In order for 4.5 million IoT developers to hit the streets by 2020, companies and governments are going to have to start building their teams something fierce. Complexity and security issues, as well as ROI of devices, will be the main challenges for these teams. It may not happen as soon as 2020, but once developers overcome the big issues, expect big-ticket items, such as automated cars, to really take off.

By Daniel Matthews

Daniel Matthews

Daniel Matthews is a freelance writer from Boise, ID. Daniel received his Bachelor’s in English from Boise State University in 2006, and is currently working on a book about the 2008 financial crisis. Widely-published online, he specializes in research and analysis that sheds light on the intersection of tech, business, and current affairs. Daniel is an avid writer and technology enthusiast whose mission is to bring journalistic integrity and informed opinions to his audience in ways that make them think differently about the world. You can find him on Twitter and LinkedIn.

View Website

CONTRIBUTORS

AWS S3 Outage & Lessons in Tech Responsibility From Smokey the Bear

AWS S3 Outage & Lessons in Tech Responsibility From Smokey the Bear

AWS S3 Outage & Lessons in Tech Responsibility Earlier this week, AWS S3 had to fight its way back to ...
The Good, Bad, and Downright Ugly Takeaways from WikiLeaks’ Vault 7

The Good, Bad, and Downright Ugly Takeaways from WikiLeaks’ Vault 7

WikiLeaks’ Vault 7 If you haven’t heard of the Vault 7 WikiLeaks data dump, you’ve probably been living under a ...
Safeguarding Data Before Disaster Strikes

Safeguarding Data Before Disaster Strikes

Safeguarding Data  Online data backup is one of the best methods for businesses of all sizes to replicate their data ...
Cloud-Based or On-Premise ERP Deployment? Find Out

Cloud-Based or On-Premise ERP Deployment? Find Out

ERP Deployment You know how ERP deployment can improve processes within your supply chain, and the things to keep in ...
What Futuristic Transportation Will Look Like In Your Lifetime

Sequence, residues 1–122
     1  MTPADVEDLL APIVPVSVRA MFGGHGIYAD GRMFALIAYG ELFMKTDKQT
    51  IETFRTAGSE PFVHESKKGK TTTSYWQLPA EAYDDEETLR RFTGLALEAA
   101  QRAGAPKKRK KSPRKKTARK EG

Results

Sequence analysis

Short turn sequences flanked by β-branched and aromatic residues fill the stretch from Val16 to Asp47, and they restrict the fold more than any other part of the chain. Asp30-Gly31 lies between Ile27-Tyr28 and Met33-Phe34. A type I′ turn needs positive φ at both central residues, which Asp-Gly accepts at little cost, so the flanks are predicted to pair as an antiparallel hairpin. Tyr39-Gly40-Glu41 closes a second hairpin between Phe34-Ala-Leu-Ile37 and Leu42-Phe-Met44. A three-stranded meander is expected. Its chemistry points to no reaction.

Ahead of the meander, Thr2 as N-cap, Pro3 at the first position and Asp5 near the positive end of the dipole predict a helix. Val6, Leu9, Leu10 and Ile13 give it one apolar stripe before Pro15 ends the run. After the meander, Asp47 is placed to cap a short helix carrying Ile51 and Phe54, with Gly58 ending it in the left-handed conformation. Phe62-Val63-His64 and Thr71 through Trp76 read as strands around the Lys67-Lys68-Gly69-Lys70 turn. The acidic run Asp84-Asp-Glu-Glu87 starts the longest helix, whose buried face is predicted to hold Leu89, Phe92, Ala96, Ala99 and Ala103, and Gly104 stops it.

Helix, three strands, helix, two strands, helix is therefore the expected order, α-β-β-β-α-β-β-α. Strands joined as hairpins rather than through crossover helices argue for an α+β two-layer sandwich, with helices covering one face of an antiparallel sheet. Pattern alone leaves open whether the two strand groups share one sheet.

What Futuristic Transportation Will Look Like In Your Lifetime

Futuristic Transportation Being stuck in traffic or late for work because of a hold up on the dreaded commute could ...
What You Need To Know About Choosing A Cloud Service Provider

What You Need To Know About Choosing A Cloud Service Provider

Selecting The Right Cloud Services Provider How to find the right partner for cloud adoption on an enterprise scale The ...
Chris Gerva

Why Containers Can’t Solve All Your Problems In The Cloud

Containers and the cloud Docker and other container services are appealing for a good reason - they are lightweight and ...
Principles of an Effective Cybersecurity Strategy

Principles of an Effective Cybersecurity Strategy

Effective Cybersecurity Strategy A number of trends contribute to today’s reality in which businesses can no longer treat cybersecurity as ...
Financial Management Finds a Welcome Home in the Cloud

Financial Management Finds a Welcome Home in the Cloud

Cloud Based Financial Management The most cautious person in any organization is likely to be the CFO. After all, they’re ...
Battle of the Clouds: Multi-Instance vs. Multi-Tenant Architecture

Battle of the Clouds: Multi-Instance vs. Multi-Tenant Architecture

Multi-Instance vs. Multi-Tenant Architecture  The cloud is part of everything we do. It’s always there backing up our data, pictures, ...

NEWS

Deloitte TMT Predictions: Machine Learning Deployments, On-Demand Content and Live Events Will Continue to Drive Growth

Deloitte TMT Predictions: Machine Learning Deployments, On-Demand Content and Live Events Will Continue to Drive Growth

NEW YORK, Dec. 12, 2017 /PRNewswire/ -- Deloitte forecasts double digital growth in machine learning deployments for the enterprise, an increasing worldwide ...
email as a service

Google Data Analysis, Artificial Intelligence and Predicting Vaccine Scares

Social media trends can predict tipping points in vaccine scares Analyzing trends on Twitter and Google can help predict vaccine ...
Hackers shut down infrastructure safety system in attack: FireEye

Hackers shut down infrastructure safety system in attack: FireEye

Hackers shut down infrastructure safety system (Reuters) - Hackers likely working for a nation-state recently penetrated the safety system of ...